DDR: ‘Then all the people ran to catch Mink but couldn’t get him.’
LBDB: ‘[…] and some of the animals made a dash to catch Chee-che-ka, but […]’
Chee-Chee-Ka klatawa killipi, copa quietan illi-hi, yaka ipsoot copa scholtz pe
chuchí’q’un’ łátwa-k’ílapay, kʰupa k’wet’un’-ílihi, yáka ípsut kʰupa ?shélh-s?  pi
mink go return, to mouse-land, he hide on their.road(s)(?) and
DDR: ‘Mink went back to mouse country, (and) he went into hiding by their roads and’
LBDB: ‘[…] he had turned into a mink and disappeared down a mouse-hole and ran along their roads and […]’
winapie yaka chachow copa klahanie, pe hyou enyalish.
wínapi* yáka cháku kʰupa łáx̣ani, pi háyú* ?‘ul’élush?. 
eventually he come to outside, and many siblings[=sisters.of.a.single.man/brosofsinglewoman](?).
DDR: ‘eventually he came out, with (?) many (of his) siblings (?).’
LBDB: ‘[…] came up outside.’
Tenas lele, Scattle, mamook iskum Chee-Chee-Ka pe tillicum hyou melalum.
tənəs-lili, sq’é:t’l, mamuk-ískam  chuchí’q’un’ pi tílikam* hayu-miláləm*. 
little-long.time, land.otter make-get mink and people much-confer(?).
DDR: ‘Shortly, River Otter collected Mink and the people held a conference.‘
LBDB: ‘Just then the land-otter caught him, and the animals all came to hold a court and try him for killing their friend’s son.’
Pe scickikwas wawau, “Chee-Chee-Ka, nika sikhs, halo memaloost okook soyka,
pi sx̣uy’ukwus wáwa, “chuchí’q’un’ nayka síks , hílu míməlust úkuk swúy’qe’,
and raccoon say, “mink my friend, not kill that man,
DDR: ‘And Raccoon said, “Mink is my friend, don’t kill this man,” ‘
LBDB: ‘After much talking, the panther said in the court: “Chee-che-ka must die. He has killed our young friend, so must give up his life.” The death sentence was pronounced, but the coon and the raven begged to be heard. The coon said. “Don’t kill him, […]’
yaka nika Kahpho.”
yáka nayka kápx̣u*.”
he my elder.brother.”
DDR: ‘he’s my older brother.’
LBDB: ‘[…] for he is my friend.” ‘
[to be continued in the next installment]
chiy’əʔ-chiy’əʔ*  is my inference of the intended pronunciation; I haven’t found a matching word in Hul’q’umin’um itself, but neighbouring SENĆOŦEN (Saanich) Salish has čiy’əʔ (although not reduplicated) for ‘bluejay’.
náyka tə́mtəm hayu-k’wás(h), literally ‘my heart is much-afraid’,  is a rather unusual wording; more common would be something like náyka hayu-k’wás(h)-tə́mtəm ‘I’m much-afraid-heart(ed)’.
mamuk-s-kwelsh*  — in Hulq’umin’um’ dictionaries I’ve only found kwelsh ‘hide it’, but a prefix s- can indeed go on some verb forms; call this word a partial mystery.
hayu-x̣á:m-uthut* ‘weep’ (?)  — the Hulq’umin’um’ word is too long, due to having the Reflexive suffix on it, to be a great match for MDH’s < haam >. Neighbouring SENĆOŦEN’s x̣ʷáŋ is appropriately short, but a less good match in terms of sounds.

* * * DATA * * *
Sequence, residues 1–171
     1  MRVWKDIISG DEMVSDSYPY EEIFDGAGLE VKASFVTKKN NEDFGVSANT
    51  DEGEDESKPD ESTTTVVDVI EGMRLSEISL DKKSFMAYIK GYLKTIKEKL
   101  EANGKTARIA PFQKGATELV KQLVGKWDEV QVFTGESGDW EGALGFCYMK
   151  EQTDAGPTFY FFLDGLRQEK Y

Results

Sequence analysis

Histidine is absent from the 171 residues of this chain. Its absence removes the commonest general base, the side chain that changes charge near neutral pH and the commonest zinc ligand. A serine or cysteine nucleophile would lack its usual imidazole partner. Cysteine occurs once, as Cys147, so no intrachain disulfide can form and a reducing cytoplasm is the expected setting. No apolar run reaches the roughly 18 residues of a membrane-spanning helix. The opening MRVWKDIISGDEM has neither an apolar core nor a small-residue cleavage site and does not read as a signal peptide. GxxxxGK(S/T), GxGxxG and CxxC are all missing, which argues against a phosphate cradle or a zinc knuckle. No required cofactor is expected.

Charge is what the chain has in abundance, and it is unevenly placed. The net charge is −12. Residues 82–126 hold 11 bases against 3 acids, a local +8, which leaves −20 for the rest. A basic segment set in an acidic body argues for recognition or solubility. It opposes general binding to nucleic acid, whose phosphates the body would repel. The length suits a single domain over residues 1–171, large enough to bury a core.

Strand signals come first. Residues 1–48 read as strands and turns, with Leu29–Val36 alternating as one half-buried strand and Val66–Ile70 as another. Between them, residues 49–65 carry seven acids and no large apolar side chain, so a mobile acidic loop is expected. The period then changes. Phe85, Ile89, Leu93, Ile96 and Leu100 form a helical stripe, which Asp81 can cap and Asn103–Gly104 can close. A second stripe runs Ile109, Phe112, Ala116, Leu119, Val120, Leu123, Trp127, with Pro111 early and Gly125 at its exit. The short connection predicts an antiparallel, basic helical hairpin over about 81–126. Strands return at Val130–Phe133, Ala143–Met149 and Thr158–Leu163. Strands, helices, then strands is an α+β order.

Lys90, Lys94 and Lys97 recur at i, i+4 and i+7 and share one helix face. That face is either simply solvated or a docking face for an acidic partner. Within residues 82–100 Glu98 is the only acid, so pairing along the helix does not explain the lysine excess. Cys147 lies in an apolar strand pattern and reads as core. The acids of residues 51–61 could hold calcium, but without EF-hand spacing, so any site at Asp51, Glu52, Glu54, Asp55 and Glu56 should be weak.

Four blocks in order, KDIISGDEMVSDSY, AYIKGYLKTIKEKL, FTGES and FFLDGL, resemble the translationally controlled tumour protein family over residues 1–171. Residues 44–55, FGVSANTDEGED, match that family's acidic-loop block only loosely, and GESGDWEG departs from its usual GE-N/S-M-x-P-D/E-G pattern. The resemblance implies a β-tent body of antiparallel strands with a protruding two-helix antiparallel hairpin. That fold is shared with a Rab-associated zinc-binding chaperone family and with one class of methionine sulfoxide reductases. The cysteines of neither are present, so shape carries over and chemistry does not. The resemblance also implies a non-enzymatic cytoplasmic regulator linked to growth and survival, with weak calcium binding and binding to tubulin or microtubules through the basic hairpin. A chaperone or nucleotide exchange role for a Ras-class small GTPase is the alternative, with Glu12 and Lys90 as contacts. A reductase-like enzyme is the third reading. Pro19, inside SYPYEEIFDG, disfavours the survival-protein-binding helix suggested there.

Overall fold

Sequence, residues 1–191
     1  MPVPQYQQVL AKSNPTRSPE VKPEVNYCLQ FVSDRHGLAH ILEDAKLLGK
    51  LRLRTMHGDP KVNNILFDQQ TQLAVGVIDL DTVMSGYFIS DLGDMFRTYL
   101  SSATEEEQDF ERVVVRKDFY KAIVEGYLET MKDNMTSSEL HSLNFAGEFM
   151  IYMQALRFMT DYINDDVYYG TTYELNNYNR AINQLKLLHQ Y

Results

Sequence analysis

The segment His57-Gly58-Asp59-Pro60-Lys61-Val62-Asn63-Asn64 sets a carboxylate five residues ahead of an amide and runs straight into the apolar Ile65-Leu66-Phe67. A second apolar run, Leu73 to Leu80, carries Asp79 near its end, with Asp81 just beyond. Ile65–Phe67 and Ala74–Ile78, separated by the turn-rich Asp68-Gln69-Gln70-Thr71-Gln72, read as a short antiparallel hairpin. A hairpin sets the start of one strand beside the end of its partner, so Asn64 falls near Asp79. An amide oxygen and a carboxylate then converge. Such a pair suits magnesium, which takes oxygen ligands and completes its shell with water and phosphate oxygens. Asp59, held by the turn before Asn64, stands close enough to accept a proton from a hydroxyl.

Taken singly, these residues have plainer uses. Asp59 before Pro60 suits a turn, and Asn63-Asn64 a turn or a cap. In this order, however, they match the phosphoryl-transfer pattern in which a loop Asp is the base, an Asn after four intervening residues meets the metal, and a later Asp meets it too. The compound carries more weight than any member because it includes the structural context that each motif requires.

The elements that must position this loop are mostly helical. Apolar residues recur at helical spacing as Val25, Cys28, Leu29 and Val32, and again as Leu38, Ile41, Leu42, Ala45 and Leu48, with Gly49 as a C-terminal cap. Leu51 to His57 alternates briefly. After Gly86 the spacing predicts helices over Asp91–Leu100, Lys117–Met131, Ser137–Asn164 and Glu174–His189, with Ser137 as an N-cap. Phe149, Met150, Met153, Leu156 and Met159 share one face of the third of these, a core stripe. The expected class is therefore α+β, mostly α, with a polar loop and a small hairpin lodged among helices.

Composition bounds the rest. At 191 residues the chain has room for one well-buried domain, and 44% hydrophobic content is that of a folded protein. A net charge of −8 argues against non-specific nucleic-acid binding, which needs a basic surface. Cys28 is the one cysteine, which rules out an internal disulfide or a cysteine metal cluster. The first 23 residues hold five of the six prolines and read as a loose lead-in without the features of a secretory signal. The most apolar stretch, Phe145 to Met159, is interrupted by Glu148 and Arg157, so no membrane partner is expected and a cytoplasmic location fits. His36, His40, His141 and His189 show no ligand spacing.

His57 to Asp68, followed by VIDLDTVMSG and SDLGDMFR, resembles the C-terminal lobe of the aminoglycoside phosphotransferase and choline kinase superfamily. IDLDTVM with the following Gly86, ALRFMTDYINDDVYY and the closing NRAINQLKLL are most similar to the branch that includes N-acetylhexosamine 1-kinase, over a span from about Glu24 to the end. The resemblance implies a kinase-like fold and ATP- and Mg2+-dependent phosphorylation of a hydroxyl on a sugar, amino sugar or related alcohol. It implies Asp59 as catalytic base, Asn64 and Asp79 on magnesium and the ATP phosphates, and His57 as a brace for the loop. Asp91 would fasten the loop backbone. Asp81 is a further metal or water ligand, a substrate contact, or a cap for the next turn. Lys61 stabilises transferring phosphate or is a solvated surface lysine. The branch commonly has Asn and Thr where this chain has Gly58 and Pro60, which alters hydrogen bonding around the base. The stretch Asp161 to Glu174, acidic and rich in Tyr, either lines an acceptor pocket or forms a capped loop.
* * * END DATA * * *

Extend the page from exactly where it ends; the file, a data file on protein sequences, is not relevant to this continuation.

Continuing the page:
pus-qʰáta (literall ‘for how’)  — this apparent expression of ‘why’ (there are plenty of them in various Jargon dialects) reminds me of very old-school lower Columbia River style. Certain early documents of that dialect (e.g. page 47 of Blanchet’s dictionary/religious manual) show ‘why’ expressed as pus ikta (literally ‘for what’), just as the Grand Ronde dialect in Oregon still says it. Along with other “southern” features in MDH’s Mink story, maybe this implicates her father, longtime Fort Vancouver denizen James Douglas, as a major influence on her Jargon.
wík-qʰáta pus ískam [Ø] ‘couldn’t get him’  is an unusual occurrence of the “null” inanimate third-person object pronoun in reference to an animate object.
shélh-s*  should mean ‘their road(s)’ in Hulq’umin’um’.
‘ul’élush*  is about the closest match I can find in the Hulq’umin’um’ dictionaries; this word means ‘sisters of a single man’ or ‘brothers of a single woman’.
mamuk-ískam , as I’ve mentioned a couple of times recently here, typically means ‘accumulate; collect’, so it’s somewhat odd to see it applied to a single object here.
hayu-miláləm*  ‘confer’ (?) is somewhat unclear in meaning, but it’s very exciting to find it documented by MDH, whether in Hulq’umin’um’ or in Chinuk Wawa. The root word is found in a few Coast Salish languages, and it helped form the Catholic C.W. expression < haha milalam > ‘to confess’ (literally ~ ‘sacred conferring’), which is common even as far inland as Kamloops, BC.
síks , according to eyewitness comments in the era, was more typically an inland CW word, not surprising if it’s ultimately from Nez Perce as I’ve argued recently here; it’s also typical of the lower Columbia. A more typical coastal / northern dialect word would be the famous < tillicum > ‘person, people; friend’.
Summary of the above:
Martha Douglas Harris’s use of Chinook Jargon is, once we see past the usual quota of haphazard punctuation and her quirky deployment of local Salish words, fluent and bears traces of a Fort Vancouver pedigree. That would reflect her family’s long and close association with the Jargon.